The FCA has published its report on crypto asset ownership, warning about the dangers: FCA research reveals increase in cryptoasset ownership | FCA
The FCA Is On Alert As Invesment In Crypto Assets Grows
"The UK’s financial watchdog is on alert, sniffing out fresh danger after its research shows the number of people holding crypto assets has risen by more than a fifth in just a year.
The FCA survey shows 2.3 million adults have money invested in the crypto world and as more traders have piled in, and awareness has grown, the perception is that they have become less risky. Whereas last year almost half of all people viewed them as a gamble (47%), now just over a third do (38%).
That is a dangerous financial attitude to take, given the volatility of cryptocurrencies and tokens. It’s no surprise that the FCA has used the publication of this research as an opportunity to issue a fresh warning that people risk losing all their money if they trade in crypto assets.
Only a tenth of people surveyed said they were aware of previous warnings issued by the FCA, so the watchdog is clearly concerned the message is not getting through.
Instead, appetite for crypto investment is increasing, with more than half of all current holders saying they are likely to buy more. Regrets are increasingly few and far between with only 11% saying they wish they hadn’t bought in, compared to 15% a year earlier.
Given the dramatic price rise of some currencies like Bitcoin since last year, this is in many ways understandable. This time last year one Bitcoin cost just under $10,000, today it’s worth just shy of $40,000. But in between, the currency has been hugely volatile, losing almost half its value in a matter of weeks, after reaching a high point of more than $63,000 in April.
Volatility Causing The Nervousness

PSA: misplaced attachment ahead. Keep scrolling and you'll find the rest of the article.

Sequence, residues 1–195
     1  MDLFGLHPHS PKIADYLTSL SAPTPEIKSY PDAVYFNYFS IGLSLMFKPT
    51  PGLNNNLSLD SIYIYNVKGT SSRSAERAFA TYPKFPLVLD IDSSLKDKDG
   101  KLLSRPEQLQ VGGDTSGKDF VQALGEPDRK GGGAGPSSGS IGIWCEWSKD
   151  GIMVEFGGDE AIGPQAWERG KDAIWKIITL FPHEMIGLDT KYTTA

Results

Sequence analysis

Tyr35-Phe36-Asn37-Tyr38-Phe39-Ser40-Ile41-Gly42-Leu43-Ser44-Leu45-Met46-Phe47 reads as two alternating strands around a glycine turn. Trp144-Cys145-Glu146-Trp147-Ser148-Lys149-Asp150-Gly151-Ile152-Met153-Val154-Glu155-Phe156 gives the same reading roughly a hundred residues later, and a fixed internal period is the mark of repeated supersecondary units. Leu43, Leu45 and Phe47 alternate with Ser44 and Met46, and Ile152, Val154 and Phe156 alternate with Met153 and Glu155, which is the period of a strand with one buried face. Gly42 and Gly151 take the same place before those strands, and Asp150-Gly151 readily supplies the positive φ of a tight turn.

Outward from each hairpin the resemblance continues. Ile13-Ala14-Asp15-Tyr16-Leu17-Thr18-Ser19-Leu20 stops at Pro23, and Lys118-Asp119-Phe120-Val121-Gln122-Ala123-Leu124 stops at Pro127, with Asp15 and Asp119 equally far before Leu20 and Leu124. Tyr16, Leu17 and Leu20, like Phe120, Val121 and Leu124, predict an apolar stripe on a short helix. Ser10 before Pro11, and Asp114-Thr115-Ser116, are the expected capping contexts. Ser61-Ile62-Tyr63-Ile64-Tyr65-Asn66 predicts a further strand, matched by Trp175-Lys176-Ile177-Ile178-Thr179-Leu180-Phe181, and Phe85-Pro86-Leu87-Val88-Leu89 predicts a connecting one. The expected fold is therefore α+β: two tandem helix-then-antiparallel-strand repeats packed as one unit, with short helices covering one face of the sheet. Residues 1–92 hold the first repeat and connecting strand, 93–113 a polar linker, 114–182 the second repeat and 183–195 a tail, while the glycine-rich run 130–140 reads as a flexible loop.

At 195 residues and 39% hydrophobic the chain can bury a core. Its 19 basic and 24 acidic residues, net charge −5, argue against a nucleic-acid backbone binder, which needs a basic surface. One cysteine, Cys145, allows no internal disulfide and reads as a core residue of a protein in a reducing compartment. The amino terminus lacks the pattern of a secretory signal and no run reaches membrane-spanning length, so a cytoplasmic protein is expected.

It’s this volatility which makes the regulator extremely nervous. There is a danger that because of so many posts and tips swirling around on social media, people may have been persuaded to invest emergency savings to make a quick buck, leaving them without a financial safety net.
The twists and turns in the crypto world are far from over and fresh gyrations in value are expected. Just in the last few weeks, jitters have been caused by a crackdown on paying in crypto currencies in China. The seizure of $2.3 million in Bitcoin paid as ransom by the Colonial Pipeline Company to hackers was another drag on its price. The rapid move by US agents in tracing and tracking the ransom paid, then retrieving it after gaining access to a private key to unlock the bitcoin wallet was a blow to crypto fans who have until now lauded its untraceable nature.
The decision by El Salvador to allow Bitcoin to be used as legal tender in the country helped its recovery, which was then also boosted by former cheerleader Elon Musk appearing to soften his new hard line stance against the currency providing it becomes more energy efficient.
The wax and wane of support also comes at a time when central banks are looking at much tougher rules around crypto, and potentially setting up their own digital coins to bring crypto assets into the regulated banking sector.
For investors it’s important to bear in mind that the payments world is in a state of flux, and the rules of the future game have not yet been drawn up.
Although it’s clear that cryptocurrencies in some form will find a place at the table in the financial system, given the interest by large companies and governments, it’s very unclear which of the thousands of coins and tokens will retain their value in the future and what role they will play. Given the distinct lack of certainty on the horizon, investors should only dabble at the fringes of their portfolio, and understand the risks they face.’’
Article by Susannah Streeter, senior investment and markets analyst, Hargreaves Lansdown
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